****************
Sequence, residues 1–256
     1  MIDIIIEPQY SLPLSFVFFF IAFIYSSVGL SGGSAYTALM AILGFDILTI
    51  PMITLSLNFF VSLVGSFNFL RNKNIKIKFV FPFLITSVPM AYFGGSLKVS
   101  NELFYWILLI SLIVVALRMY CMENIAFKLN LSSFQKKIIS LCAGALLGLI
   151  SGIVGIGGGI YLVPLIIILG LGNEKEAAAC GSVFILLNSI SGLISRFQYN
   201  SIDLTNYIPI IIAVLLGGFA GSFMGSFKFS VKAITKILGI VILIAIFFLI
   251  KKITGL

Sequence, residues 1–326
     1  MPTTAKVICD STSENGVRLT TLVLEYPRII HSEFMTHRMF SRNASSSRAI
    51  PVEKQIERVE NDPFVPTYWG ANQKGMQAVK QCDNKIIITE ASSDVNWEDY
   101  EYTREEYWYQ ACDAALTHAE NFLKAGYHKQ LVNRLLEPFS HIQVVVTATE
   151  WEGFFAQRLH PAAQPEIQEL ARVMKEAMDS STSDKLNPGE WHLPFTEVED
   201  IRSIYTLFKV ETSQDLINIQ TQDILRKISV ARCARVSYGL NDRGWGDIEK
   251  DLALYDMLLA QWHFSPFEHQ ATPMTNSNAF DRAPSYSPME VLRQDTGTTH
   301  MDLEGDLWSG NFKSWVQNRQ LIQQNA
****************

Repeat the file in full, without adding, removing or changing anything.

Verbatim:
Sequence, residues 1–256
     1  MIDIIIEPQY SLPLSFVFFF IAFIYSSVGL SGGSAYTALM AILGFDILTI
    51  PMITLSLNFF VSLVGSFNFL RNKNIKIKFV FPFLITSVPM AYFGGSLKVS
   101  NELFYWILLI SLIVVALRMY CMENIAFKLN LSSFQKKIIS LCAGALLGLI
   151  SGIVGIGGGI YLVPLIIILG LGNEKEAAAC GSVFILLNSI SGLISRFQYN
   201  SIDLTNYIPI IIAVLLGGFA GSFMGSFKFS VKAITKILGI VILIAIFFLI
   251  KKITGL

Sequence, residues 1–326
     1  MPTTAKVICD STSENGVRLT TLVLEYPRII HSEFMTHRMF SRNASSSRAI
    51  PVEKQIERVE NDPFVPTYWG ANQKGMQAVK QCDNKIIITE ASSDVNWEDY
   101  EYTREEYWYQ ACDAALTHAE NFLKAGYHKQ LVNRLLEPFS HIQVVVTATE
   151  WEGFFAQRLH PAAQPEIQEL ARVMKEAMDS STSDKLNPGE WHLPFTEVED
   201  IRSIYTLFKV ETSQDLINIQ TQDILRKISV ARCARVSYGL NDRGWGDIEK
   251  DLALYDMLLA QWHFSPFEHQ ATPMTNSNAF DRAPSYSPME VLRQDTGTTH
   301  MDLEGDLWSG NFKSWVQNRQ LIQQNA